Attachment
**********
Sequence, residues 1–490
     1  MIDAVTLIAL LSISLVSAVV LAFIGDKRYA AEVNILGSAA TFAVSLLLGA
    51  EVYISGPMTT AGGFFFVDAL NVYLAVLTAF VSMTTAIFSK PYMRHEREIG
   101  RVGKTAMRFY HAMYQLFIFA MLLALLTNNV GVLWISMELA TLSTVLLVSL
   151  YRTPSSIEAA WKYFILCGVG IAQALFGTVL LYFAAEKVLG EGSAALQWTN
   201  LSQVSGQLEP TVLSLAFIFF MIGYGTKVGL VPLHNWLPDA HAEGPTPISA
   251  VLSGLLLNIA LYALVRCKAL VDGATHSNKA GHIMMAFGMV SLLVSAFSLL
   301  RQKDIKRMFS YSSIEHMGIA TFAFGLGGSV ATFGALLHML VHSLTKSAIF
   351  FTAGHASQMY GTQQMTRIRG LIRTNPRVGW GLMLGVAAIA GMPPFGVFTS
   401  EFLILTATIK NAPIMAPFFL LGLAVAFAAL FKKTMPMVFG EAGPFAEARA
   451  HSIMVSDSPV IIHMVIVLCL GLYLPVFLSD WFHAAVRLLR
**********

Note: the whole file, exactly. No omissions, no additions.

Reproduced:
Sequence, residues 1–490
     1  MIDAVTLIAL LSISLVSAVV LAFIGDKRYA AEVNILGSAA TFAVSLLLGA
    51  EVYISGPMTT AGGFFFVDAL NVYLAVLTAF VSMTTAIFSK PYMRHEREIG
   101  RVGKTAMRFY HAMYQLFIFA MLLALLTNNV GVLWISMELA TLSTVLLVSL
   151  YRTPSSIEAA WKYFILCGVG IAQALFGTVL LYFAAEKVLG EGSAALQWTN
   201  LSQVSGQLEP TVLSLAFIFF MIGYGTKVGL VPLHNWLPDA HAEGPTPISA
   251  VLSGLLLNIA LYALVRCKAL VDGATHSNKA GHIMMAFGMV SLLVSAFSLL
   301  RQKDIKRMFS YSSIEHMGIA TFAFGLGGSV ATFGALLHML VHSLTKSAIF
   351  FTAGHASQMY GTQQMTRIRG LIRTNPRVGW GLMLGVAAIA GMPPFGVFTS
   401  EFLILTATIK NAPIMAPFFL LGLAVAFAAL FKKTMPMVFG EAGPFAEARA
   451  HSIMVSDSPV IIHMVIVLCL GLYLPVFLSD WFHAAVRLLR